INTEL HAS launched its 7th-generation Core and Xeon processors at CES on Tuesday that, it claims, will offer performance improvements of up to 25 per cent "compared to a three-year-old computer".
The company also claims that its Core processors with H/S series integrated graphics will comfortably be able to handle 4K video streaming (although whether your broadband connection can is another matter).
The 7th-generation Intel Core processor family, which had been slated to ship before the end of last year, is based on Intel's 14nm process chip manufacturing technology and range in terms of power consumption from 4.5-watts for the Core vPro processors, to 65w and 95w in the S-series Core processors for proper, big-box desktop PCs.
- 4.5W Intel® Core™ vPro processors (Y-series) for 2-in-1 detachables;
- 15W Intel Core vPro, 15W and 28W Intel Core processors (U-series) for 2-in-1 convertibles and thin and light clamshells;
- 45W Intel Core vPro processors (H-series) for large screen clamshells and premium notebooks;
- 45W Intel Core mobile processor (H-series), unlocked and intended for enthusiasts and to power VR-capable notebooks;
- 45W Intel Xeon processors for mobile workstations;
- 65W Intel Core and Intel Core vPro processors (S-series) for mainstream desktopPCs;
- 65W and 35W Intel Core and Intel Core vPro processors (S-series) for all-in-ones and mini PCs;
- 95W and 65W Intel Core processors (S-series) for tower PCs, including unlocked parts.
The devices will support Thunderbolt 3, bringing a doubling of bandwidth compared to the previous generation, and eight times faster transfer speeds compare to USB 3.0. Thunderbolt 3 means that a single cable can support up to 40 Gbps transfer speeds, two 4K ultra-high definition displays, system charging at up to 100W, external graphics, and Thunderbolt networking.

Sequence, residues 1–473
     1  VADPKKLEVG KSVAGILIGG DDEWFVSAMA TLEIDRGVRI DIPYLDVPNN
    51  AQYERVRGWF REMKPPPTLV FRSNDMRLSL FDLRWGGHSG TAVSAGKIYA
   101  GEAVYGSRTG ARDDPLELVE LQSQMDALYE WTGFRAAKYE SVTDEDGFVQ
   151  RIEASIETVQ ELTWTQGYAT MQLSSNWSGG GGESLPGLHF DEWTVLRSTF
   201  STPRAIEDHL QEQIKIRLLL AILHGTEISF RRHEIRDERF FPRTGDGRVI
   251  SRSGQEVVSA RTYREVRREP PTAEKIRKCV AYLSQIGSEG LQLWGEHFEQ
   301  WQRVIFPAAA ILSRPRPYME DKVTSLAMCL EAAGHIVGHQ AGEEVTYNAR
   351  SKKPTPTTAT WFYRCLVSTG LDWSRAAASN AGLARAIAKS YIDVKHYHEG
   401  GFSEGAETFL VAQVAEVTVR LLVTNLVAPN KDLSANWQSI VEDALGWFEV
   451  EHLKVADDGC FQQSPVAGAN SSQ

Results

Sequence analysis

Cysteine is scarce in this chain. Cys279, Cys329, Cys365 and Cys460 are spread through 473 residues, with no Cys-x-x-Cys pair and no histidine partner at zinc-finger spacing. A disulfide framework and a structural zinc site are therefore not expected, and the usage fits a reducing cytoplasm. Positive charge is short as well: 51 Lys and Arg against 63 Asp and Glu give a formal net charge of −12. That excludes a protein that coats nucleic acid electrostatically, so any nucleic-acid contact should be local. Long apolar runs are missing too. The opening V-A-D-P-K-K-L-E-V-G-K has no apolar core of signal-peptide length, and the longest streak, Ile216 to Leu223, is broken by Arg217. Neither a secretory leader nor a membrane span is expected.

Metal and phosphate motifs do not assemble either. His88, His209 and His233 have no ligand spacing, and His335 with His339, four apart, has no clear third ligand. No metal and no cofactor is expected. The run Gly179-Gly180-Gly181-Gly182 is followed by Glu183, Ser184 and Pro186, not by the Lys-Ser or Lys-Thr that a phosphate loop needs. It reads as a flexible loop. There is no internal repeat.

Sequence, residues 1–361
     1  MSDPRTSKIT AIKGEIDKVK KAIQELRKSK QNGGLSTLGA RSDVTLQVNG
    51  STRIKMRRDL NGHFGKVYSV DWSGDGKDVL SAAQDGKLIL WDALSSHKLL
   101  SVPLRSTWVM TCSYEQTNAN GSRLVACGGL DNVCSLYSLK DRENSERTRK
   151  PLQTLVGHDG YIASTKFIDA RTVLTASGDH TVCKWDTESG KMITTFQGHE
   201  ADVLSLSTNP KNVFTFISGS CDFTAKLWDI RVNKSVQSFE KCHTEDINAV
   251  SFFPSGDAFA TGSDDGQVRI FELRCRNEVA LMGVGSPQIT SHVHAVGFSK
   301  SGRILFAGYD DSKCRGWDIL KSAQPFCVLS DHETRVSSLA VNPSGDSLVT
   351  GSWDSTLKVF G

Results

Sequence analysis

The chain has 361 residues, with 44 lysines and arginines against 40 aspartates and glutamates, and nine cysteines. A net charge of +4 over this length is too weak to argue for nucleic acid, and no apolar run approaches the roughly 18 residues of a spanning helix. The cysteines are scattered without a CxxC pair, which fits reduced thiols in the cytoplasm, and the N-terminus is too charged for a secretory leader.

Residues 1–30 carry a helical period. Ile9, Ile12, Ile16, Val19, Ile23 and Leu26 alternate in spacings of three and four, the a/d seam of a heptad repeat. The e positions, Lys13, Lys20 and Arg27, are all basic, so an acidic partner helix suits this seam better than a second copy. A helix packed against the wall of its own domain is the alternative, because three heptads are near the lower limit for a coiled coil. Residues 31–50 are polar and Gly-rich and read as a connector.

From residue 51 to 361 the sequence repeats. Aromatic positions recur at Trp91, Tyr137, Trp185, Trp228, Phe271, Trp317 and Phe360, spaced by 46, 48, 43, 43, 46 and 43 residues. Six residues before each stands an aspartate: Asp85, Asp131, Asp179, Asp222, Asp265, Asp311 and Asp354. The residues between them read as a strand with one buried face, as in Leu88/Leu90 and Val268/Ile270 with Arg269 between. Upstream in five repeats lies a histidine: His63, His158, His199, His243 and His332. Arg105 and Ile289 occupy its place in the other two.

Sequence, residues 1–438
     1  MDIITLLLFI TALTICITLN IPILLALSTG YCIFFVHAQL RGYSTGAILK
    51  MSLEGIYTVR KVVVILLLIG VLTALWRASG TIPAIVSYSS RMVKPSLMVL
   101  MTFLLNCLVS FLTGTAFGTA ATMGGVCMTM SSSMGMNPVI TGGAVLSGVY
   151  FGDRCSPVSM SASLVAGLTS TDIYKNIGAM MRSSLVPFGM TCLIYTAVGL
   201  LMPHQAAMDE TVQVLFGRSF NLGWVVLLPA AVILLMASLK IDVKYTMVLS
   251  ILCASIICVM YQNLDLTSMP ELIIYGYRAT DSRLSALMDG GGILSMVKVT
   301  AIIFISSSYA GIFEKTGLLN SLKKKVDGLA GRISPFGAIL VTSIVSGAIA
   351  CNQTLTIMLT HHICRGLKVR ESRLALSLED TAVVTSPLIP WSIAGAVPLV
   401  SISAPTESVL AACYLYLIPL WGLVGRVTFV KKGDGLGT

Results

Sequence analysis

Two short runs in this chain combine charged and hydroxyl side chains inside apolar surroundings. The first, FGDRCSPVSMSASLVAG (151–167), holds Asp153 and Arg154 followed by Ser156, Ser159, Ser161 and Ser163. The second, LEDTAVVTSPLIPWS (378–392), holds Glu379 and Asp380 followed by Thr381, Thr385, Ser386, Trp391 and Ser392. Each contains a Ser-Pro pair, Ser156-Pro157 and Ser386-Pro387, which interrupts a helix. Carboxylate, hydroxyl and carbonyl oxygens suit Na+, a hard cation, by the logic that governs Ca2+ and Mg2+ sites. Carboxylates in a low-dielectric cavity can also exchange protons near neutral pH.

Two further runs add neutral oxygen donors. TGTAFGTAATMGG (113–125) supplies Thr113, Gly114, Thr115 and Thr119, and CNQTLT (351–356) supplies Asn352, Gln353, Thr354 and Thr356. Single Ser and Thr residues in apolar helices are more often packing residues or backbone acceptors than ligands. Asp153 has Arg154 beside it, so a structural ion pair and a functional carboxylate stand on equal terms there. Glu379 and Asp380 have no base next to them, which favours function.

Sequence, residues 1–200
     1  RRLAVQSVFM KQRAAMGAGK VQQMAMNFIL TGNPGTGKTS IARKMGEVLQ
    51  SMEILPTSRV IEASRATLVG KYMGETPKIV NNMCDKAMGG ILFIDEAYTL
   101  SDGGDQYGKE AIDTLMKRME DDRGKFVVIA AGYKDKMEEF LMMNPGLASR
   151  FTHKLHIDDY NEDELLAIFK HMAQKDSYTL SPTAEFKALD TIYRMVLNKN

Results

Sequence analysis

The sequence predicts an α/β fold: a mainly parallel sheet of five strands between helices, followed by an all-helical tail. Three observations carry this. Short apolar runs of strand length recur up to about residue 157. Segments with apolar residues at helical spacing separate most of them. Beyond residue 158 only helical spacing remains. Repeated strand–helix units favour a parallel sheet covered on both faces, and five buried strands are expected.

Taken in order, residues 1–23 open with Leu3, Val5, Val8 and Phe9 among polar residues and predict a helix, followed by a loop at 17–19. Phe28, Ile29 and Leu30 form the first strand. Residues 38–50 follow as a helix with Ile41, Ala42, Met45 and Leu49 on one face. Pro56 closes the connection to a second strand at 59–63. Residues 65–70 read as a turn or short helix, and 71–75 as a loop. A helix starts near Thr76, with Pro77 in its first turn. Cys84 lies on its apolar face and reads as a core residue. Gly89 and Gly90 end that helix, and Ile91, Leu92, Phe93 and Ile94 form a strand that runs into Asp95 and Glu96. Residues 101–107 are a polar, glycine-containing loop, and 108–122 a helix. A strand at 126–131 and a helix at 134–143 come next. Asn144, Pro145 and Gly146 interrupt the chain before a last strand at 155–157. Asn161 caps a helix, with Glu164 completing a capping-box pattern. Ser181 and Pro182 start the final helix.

7th-generation Intel Core and Xeon microprocessors will also support Gen 3 PCIe, supporting up to 8 gigatransfers (GT/s) per second.
Alongside the new microprocessors, Intel has also launched new chipsets to go with them, natch.
These include the Q270 and Q250 chipsets intended to improve manageability and security for large organisations; the Z270 for to support unlocked Intel Core microprocessors; an H270 chipset for media and games; and the B250 to provide easier manageability for small and medium size businesses.
The new devices also support a number of security initiatives, including Fingerprint Touch for secure e-commerce, hardened password managers and built-in two-factor authentication for online services, as well as Intel Secure Key, Intel Authenticate Device Guard and Windows Hello for Business.
Also on the chip front this week, Intel rival AMD is expected to (finally) lift the curtain on its answer to Nvidia's 10-series GPUs, with the formal unveiling of its Vega GPU architecture at the CES trade show on Thursday.
Later in the year, AMD will also launch devices intended to compete squarely with Intel's Skylake and Kaby Lake devices, when it unveils its Zen microarchitecture, which will feature desktop versions with as many as 32 cores. µ
It's an onomatopoeic week for Google
Hope that free lunch was delicious
It's like Bixby being terrible never happened
Notch to be outdone